Inventory control managers oversee inventory levels to ensure that they are neither too high nor too low. They are also responsible for replenishing spent inventory, arranging for the return or disposal, and preventing shrinkage as necessary. Inventory control managers are often found in fields such as retail stores and distribution centers, food service, and manufacturing. Inventory control managers may also be employed by inventory management services, which are hired as contractors by businesses to conduct external audits on store or warehouse inventories; in this role, inventory control managers may coordinate inventory-taking teams.
Inventory control managers must possess strong organizational skills, as success in this position demands careful accounting of potentially large amounts of inventory and keeping updated records so that accurate counts may be made. In situations in which the inventory control manager oversees teams of auditors, the manager must be able to communicate effectively and make quick decisions when discrepancies arise. Inventory control managers must also have a grasp on computer operations, as most modern inventory-keeping tools are computerized devices. Inventory control managers often work in a retail or warehouse setting, so they are generally mobile for most of the day and may need to be able to lift heavy items.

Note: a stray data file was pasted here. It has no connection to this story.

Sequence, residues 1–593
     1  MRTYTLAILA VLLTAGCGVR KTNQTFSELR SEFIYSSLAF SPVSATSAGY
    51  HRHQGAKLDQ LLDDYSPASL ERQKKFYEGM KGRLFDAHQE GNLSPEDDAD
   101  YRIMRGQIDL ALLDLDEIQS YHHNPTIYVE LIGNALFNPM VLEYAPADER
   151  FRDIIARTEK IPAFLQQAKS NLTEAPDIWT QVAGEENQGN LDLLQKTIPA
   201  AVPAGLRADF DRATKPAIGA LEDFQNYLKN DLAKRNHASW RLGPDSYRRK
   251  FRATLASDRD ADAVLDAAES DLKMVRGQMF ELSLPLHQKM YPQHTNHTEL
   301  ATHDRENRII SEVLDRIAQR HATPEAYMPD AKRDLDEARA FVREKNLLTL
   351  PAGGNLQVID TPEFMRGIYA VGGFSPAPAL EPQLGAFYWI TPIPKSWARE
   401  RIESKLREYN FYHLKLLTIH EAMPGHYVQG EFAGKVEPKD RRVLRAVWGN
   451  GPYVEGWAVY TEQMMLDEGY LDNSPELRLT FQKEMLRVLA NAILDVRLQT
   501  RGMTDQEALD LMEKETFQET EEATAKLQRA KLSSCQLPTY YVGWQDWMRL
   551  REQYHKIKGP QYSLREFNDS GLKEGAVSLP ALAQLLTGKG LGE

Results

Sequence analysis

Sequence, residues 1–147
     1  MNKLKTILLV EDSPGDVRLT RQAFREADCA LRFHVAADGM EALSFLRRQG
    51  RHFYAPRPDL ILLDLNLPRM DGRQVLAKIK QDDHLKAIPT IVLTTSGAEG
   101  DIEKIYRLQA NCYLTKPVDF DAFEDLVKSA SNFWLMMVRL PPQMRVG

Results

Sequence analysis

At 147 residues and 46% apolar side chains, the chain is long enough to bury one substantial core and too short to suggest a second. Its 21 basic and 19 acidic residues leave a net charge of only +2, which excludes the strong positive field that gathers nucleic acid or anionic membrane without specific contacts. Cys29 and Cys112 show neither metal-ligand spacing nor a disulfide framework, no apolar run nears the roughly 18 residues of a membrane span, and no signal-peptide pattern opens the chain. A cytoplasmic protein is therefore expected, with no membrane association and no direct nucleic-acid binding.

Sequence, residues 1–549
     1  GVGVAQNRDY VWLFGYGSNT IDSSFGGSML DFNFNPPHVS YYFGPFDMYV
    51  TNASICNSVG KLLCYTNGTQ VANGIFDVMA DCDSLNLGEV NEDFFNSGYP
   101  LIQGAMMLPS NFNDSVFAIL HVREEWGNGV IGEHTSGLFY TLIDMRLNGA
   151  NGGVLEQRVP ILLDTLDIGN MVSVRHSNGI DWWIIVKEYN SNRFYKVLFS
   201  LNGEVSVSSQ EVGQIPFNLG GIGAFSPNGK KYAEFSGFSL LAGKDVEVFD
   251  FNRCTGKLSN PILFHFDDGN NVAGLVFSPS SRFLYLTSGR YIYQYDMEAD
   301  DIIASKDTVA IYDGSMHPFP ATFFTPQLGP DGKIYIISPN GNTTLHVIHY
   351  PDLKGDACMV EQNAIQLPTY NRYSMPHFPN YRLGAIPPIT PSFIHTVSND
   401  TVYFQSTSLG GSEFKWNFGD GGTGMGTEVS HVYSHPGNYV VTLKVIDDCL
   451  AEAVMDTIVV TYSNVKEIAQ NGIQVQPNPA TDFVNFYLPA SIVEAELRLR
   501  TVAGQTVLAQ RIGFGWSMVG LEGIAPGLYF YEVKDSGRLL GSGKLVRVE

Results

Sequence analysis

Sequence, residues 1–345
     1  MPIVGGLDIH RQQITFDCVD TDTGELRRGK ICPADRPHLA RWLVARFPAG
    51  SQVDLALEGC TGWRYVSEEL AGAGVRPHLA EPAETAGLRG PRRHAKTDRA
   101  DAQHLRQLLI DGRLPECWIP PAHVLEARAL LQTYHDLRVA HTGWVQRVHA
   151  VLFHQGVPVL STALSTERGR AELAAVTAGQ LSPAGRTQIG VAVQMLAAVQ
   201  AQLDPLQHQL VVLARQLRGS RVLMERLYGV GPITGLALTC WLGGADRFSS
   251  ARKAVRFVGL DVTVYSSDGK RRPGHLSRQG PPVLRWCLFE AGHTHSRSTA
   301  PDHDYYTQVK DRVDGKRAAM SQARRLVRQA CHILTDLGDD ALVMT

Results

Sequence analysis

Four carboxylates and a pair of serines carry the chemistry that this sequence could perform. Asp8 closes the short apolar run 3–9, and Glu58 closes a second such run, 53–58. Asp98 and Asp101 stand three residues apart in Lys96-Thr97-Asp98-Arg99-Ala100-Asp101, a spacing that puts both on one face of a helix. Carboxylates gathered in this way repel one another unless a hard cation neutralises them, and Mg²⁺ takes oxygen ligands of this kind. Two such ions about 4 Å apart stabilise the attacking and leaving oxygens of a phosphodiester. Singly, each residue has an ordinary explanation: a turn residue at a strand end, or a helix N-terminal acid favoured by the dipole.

Individuals with relevant experience, especially with inventory control background in a retail or warehouse environment, generally need an associate's degree. However, a bachelor's degree in business or management greatly may enhance job prospects. Prospective applicants may also consider pursing an inventory management certification program.
Inventory Control Manager Tasks
Maintain accurate inventory counts throughout.
Act as a liaison between departments and buyers and determine obsolete stock while optimizing inventory turnover.
Implement and execute an inventory replenishment system ensuring proper levels of stock.